“There are no doubts that those in the United States who want to ceaselessly escalate the anti-Iran sanctions in spite of everything, in defiance of common sense and logic of the JCPOA [Joint Comprehensive Plan of Action] are rather strong. We think that the United States intentionally provokes the Iranian side by acting like this,” he told reporters.

    According  to him, Russia would like to “avoid the situation where the JCPOA is being called into question due to such maneuvers.”

    READ MORE: Iran Says Has Missiles Capable of Striking US Forces in Case of Invasion

    Iran Nuclear Deal

    The minister underlined that the existing agreement on the Iran's nuclear program shouldn't be changed. According to Ryabkov, a basic concern now is "to fully preserve what has been achieved."

    READ MORE: Iran Fully Complies With Nuclear Agreement — IAEA Director General

    "I would not say that the US administration is directly threatening to get out of the deal. Strictly speaking, the US administration warns that if it does not achieve its goal in terms of 'improving' the agreement, then options are possible. But in our opinion, no changes, additions, adjustments to the current agreement are possible because it represents a very well-adjusted, delicate balance of interests and compromises," Ryabkov told journalists.

    Ryabkov has voiced an opinion that the US would be responsible for the failure of the Joint Comprehensive Plan of Action (JCPOA).

    "The situation is aggravating, because the mood in the US Congress is very, very anti-Iranian. But ultimately, the responsibility for the hypothetical collapse of the JCPOA will be entirely on the American side. They heard all the assessments from Russia, Iran, European colleagues, China. And they should understand that the consequences of reckless steps in this sphere will be extremely difficult," Ryabkov told journalists.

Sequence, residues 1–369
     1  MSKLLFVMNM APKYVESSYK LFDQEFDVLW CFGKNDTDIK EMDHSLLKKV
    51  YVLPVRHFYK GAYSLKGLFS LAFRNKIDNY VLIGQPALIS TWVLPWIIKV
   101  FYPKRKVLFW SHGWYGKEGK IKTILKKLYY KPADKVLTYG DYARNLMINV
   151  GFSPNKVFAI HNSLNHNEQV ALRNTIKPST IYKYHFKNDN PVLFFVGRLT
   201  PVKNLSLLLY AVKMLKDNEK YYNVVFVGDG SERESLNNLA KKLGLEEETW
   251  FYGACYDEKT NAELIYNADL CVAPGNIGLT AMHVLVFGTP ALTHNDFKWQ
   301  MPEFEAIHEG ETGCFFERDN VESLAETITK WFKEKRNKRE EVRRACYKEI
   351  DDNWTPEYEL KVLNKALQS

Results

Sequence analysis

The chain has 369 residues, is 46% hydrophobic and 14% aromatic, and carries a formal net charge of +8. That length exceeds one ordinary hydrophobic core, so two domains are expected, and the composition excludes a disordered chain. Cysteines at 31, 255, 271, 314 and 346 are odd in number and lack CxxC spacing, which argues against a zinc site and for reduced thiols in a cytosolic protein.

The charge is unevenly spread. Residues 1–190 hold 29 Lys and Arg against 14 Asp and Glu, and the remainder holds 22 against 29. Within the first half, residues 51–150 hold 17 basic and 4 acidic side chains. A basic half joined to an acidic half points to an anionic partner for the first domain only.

US President Donald Trump refused to re-certify the JCPOA, which was signed by six nations after years of diplomatic work, accusing the Islamic Republic of violating the spirit of the agreement. Despite the fact that Trump decided not to contest at the international level Tehran's compliance with the deal, he has not excluded the US' possible withdrawal from the deal in case if the agreement is not improved.

    Russia-Iran Relations

    Russian Deputy Foreign Minister Sergey Ryabkov has concluded that Moscow expected to discuss the issue during Russian President Vladimir Putin's visit to Tehran

    "The conversation will be about international issues, including taking into account the actions of the US administration, which is trying to increase the sanctions pressure both on Russia and Iran."

    According to Ryabkov, Russia and Iran need to decrease their dependence on the US dollar, as well as the US banking system. He pointed out that many countries are beginning to understand this.

    The minister underlined the Russia's intention to continue cooperating with Iran in sectors of investment and economy, as well as working on the hydrocarbons market.

    “We shall continue to develop the economy, task ourselves with infrastructure projects, we shall trade, seek forms for investment cooperation. Work jointly on the global hydrocarbons market and lower the dependence on the US payment system and the dollar,” he said.